Why is the world’s oldest photo still standing?
On a summer day in the 1960s, a group of photographers and technicians gathered in the sunroom of the Hilton Head Hotel in Chicago to shoot an image of President John F. Kennedy.
It was one of many such photos that accompanied the publication of a book called Kennedy: His Life and Times.
The book, co-written by photographer Tom Golan and former Washington Post photographer James B. Lee, was published in March 1961.
It documented the life and times of the late President, who was killed by a bomb in Dallas on November 22, 1963.
Kennedy had been the most powerful man in the world.
His family had become wealthy, his public image was widely admired and he was admired for his leadership.
His son, President John, was to be the first U.S. president in more than 70 years to not be inaugurated.
But it wasn’t just Kennedy who was loved by Americans.
His reputation was tarnished when the Soviets annexed Crimea in the spring of 2014, and Russia retaliated with a massive military offensive in Ukraine that lasted until April 2018.
Since then, the country has been embroiled in an unprecedented civil war between Russian-backed separatists and Ukrainian government forces backed by the U.K. and France.
As the conflict continues, the photos from Kennedy’s final days are being rediscovered and studied.
For example, the photograph above was taken in September 1967 when Kennedy was visiting a memorial to victims of the Vietnam War at the National Museum of American History in Washington, D.C. As many as 2,400 Americans were killed during the war.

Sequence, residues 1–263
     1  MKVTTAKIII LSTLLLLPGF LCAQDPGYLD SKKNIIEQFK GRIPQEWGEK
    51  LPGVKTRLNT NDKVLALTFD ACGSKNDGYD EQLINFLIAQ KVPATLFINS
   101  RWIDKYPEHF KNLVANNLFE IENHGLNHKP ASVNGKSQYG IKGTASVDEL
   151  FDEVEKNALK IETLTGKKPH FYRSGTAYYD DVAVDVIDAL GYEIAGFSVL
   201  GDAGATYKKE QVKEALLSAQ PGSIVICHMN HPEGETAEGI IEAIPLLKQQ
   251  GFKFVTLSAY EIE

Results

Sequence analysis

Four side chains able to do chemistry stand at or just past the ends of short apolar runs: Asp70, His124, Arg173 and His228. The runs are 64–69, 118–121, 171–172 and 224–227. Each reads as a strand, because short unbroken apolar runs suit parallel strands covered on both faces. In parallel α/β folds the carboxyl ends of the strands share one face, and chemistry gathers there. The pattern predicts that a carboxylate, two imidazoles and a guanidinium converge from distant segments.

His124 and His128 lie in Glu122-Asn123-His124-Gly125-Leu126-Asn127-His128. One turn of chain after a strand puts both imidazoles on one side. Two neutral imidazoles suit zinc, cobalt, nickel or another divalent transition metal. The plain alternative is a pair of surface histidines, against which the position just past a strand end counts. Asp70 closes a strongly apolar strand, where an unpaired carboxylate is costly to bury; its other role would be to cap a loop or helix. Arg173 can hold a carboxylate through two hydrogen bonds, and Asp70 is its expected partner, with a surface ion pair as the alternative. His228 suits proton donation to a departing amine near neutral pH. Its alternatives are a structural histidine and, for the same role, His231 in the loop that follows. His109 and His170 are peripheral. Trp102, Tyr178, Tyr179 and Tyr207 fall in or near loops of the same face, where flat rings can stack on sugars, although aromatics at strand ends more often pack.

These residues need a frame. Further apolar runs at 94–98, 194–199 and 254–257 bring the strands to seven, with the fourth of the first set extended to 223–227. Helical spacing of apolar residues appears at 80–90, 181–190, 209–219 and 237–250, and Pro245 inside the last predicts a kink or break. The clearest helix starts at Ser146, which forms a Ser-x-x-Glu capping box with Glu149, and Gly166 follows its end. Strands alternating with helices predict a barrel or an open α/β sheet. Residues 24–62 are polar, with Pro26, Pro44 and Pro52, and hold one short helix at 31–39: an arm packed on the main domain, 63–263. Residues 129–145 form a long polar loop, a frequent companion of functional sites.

The photograph was taken by Golan, who is considered one of the great photographers of the 20th century.
Golan, a graduate of Yale University, was a photographer for the Associated Press, Newsweek, Life, Life Magazine, and The Associated Press and he won a Pulitzer Prize in 1967.
He died in 2014 at age 86.
Lee, who worked for the Washington Post from 1961 to 1968, said that he is proud to have worked with the photographers who captured Kennedy’s last days.
“They were extraordinary, and I am especially proud of the way that the photographs were shot.
They were really candid, candid pictures.
It really was a portrait of a man that was living life.
It is a portrait that should never have been taken,” Lee said in an interview.
The photographers were not paid for their work.
The Kennedy family donated the photographs to the Smithsonian in 1973, according to the Kennedy Library and Museum.
The photographs were digitized by the Library of Congress in 2017 and are now on display at the Kennedy Center for the Performing Arts.
The Washington Post has also been keeping the Kennedy family’s archive of photographs in its archives.
Lee said that the organization is working to digitize the images, which are currently available to researchers.
“We have a lot of work to do, and there is always a new project that comes along that has to be digitized,” Lee told CBC News.
“I think there is so much more that can be learned from this.
I think the people that are studying this will learn something about this, and hopefully they will use it to inform their own research as well.”